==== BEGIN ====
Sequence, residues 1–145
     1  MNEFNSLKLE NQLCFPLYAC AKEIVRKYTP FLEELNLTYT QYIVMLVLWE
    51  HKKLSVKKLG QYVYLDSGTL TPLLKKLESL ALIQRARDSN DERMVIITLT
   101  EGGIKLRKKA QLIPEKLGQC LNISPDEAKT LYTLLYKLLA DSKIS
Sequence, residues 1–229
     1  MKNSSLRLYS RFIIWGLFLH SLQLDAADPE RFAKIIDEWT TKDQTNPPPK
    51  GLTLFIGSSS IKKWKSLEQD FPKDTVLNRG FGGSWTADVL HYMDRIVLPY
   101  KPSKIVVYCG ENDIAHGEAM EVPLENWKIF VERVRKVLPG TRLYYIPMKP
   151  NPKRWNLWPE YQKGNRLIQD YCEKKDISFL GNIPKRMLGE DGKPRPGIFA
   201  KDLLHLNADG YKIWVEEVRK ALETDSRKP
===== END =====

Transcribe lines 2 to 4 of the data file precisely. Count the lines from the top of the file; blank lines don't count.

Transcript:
     1  MNEFNSLKLE NQLCFPLYAC AKEIVRKYTP FLEELNLTYT QYIVMLVLWE
    51  HKKLSVKKLG QYVYLDSGTL TPLLKKLESL ALIQRARDSN DERMVIITLT
   101  EGGIKLRKKA QLIPEKLGQC LNISPDEAKT LYTLLYKLLA DSKIS